The Pulaarvik Kablu Friendship Centre is planning to expand its men’s healing program to every community in the region, beginning with a workshop in Clyde River this week.
With the help of the territorial government, the friendship centre is hosting a five-day training session to create a new program created by Inuit men for Inuit men.
“It’s kind of a powwow, I guess, with different role models to find out the best way to reach men in the communities,” said Charlene Williams-Kaludjak, executive director of Pulaarvik Kablu Friendship Centre.
Williams-Kaludjak said the friendship centre has been planning on growing its men’s healing program for some time.
“We have some male counsellors here at Pulaarvik who believed that starting up men’s groups in each of the communities is important,” she said.
The new program’s aim will be to help build a culture of healing among Inuit men by talking and working together, according to a press release from the Department of Health. Starting this fall, each community will offer one or two activities per month as well as two major land excursions per year.
“These activities will involve men working together to offer service to community members (shovelling snow, delivering lake ice to Elders), healing discussions around issues like dealing with grief or anger management, and traditional skills activities,” reads the news release.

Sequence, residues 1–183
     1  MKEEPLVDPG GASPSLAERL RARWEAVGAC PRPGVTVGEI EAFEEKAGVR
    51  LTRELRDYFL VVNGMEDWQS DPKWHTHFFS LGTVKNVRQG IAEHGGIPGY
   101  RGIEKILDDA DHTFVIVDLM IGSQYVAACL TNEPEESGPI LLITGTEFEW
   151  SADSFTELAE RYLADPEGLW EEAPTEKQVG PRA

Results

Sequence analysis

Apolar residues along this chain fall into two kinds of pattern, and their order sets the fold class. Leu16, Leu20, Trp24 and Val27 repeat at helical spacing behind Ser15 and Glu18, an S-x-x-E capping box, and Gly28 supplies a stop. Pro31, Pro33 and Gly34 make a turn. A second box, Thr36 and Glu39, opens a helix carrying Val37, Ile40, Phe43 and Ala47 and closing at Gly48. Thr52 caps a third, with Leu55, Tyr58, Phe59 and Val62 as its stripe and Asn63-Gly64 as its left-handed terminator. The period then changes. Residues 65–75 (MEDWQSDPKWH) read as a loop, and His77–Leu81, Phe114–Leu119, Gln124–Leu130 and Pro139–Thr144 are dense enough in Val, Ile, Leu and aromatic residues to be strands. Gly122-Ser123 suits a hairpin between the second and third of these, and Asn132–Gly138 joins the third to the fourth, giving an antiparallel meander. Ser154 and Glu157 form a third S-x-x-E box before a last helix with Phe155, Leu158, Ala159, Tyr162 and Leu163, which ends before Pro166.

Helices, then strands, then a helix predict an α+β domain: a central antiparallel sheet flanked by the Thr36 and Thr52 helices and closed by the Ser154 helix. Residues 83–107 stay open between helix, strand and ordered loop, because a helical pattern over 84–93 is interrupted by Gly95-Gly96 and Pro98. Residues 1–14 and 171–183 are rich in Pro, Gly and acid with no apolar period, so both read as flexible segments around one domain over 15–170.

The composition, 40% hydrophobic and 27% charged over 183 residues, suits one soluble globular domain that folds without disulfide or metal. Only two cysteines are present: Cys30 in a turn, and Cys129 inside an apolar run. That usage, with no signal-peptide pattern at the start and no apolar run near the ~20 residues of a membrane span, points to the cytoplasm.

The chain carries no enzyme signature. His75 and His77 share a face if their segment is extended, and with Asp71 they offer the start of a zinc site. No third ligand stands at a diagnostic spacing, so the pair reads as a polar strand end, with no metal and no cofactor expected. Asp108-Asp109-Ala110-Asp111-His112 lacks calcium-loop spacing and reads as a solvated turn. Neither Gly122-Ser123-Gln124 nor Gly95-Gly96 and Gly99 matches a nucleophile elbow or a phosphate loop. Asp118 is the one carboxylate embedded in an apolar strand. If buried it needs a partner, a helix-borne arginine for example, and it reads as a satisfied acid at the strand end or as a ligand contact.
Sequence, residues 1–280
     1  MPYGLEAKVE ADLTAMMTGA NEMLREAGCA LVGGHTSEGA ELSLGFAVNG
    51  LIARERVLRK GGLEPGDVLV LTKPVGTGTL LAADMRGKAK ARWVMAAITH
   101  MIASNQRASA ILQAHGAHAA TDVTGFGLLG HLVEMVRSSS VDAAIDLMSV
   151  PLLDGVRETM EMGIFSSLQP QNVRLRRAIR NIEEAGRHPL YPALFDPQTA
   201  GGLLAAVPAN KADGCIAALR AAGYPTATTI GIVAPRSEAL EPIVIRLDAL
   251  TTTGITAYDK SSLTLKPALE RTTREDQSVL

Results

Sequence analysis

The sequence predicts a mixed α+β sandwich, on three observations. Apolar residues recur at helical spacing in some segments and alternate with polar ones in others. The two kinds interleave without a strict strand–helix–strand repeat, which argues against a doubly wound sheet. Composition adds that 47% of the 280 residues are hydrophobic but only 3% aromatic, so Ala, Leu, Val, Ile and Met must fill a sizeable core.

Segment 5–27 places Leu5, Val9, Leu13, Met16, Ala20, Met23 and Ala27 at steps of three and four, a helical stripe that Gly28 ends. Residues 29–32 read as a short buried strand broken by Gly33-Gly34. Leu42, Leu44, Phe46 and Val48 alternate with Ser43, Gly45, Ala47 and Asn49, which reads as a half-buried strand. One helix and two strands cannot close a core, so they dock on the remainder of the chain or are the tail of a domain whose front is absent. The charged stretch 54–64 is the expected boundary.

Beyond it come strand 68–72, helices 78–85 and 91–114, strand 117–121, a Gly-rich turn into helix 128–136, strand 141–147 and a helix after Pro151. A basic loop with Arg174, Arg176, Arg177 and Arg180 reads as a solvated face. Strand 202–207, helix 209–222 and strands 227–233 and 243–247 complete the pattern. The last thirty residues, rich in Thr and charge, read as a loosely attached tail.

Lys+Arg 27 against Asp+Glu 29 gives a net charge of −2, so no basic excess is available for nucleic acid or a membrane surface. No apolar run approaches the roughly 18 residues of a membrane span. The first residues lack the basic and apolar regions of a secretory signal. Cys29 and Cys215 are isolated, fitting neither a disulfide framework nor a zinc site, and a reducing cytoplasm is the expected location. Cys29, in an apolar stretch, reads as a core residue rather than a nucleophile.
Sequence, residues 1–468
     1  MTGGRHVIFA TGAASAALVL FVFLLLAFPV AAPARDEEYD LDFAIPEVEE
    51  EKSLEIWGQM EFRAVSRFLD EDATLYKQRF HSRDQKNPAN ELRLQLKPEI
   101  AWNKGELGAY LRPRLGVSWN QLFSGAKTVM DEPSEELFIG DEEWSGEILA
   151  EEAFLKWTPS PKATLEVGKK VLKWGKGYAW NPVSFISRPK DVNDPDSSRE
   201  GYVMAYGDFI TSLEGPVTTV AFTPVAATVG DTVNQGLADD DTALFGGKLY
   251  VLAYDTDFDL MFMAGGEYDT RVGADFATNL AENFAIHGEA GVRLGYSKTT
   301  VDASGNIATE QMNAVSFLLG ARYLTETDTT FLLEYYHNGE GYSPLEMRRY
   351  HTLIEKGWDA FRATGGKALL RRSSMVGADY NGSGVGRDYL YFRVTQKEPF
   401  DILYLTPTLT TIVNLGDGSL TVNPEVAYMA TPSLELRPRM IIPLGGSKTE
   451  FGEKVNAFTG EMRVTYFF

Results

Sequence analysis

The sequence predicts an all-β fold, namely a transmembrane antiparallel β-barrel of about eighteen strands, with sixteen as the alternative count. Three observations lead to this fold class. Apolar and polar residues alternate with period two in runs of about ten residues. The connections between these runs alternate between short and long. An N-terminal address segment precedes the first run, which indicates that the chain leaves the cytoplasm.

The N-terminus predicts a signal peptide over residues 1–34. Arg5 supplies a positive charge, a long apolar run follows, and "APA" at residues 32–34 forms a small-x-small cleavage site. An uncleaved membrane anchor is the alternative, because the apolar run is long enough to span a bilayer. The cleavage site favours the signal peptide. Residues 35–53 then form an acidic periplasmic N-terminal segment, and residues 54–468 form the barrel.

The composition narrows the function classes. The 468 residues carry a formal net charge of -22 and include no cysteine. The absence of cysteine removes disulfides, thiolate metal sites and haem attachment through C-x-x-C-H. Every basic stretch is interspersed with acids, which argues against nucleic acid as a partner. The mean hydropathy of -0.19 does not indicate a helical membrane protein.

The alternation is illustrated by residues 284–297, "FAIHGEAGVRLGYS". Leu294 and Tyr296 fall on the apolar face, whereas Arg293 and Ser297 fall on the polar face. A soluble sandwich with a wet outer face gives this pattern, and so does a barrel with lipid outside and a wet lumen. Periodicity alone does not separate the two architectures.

According to Williams-Kaludjak, the lack of male councillors is preventing more men from accessing counselling. The friendship centre currently only has two male councillors, both of whom are based in Rankin Inlet.
“We know that the reason there is a gap in services is because there aren’t that many male councillors that men in the communities are comfortable with,” she said. “We want people to be comfortable because we already knows how hard it can be to reach out for help.”
Alan Qiyuaryuk, who recently started an Alcoholic’s Anonymous group in Baker Lake, is one of the people chosen to attend the workshop. Qiyuaryuk told Kivalliq News that he’s both nervous and excited about the new opportunity.
“I can’t wait to learn new things and meet new people,” he said.
Williams-Kaludjak said Qiyuaryuk is the kind of candidate that the centre is looking for.
“The work he is doing is very valuable, and it takes someone like him to make a program like this work,” she said.
While the friendship centre invited people from every community to the workshop, only four of the locales will be represented.
After the Clyde River workshop is completed, Williams-Kaludjak said the friendship centre will start hiring part-time male counsellors to run the men’s program in each community, regardless of whether representatives were able to attend.
“We’re hoping that if this is successful, we’ll be able to do more in the future,” she said.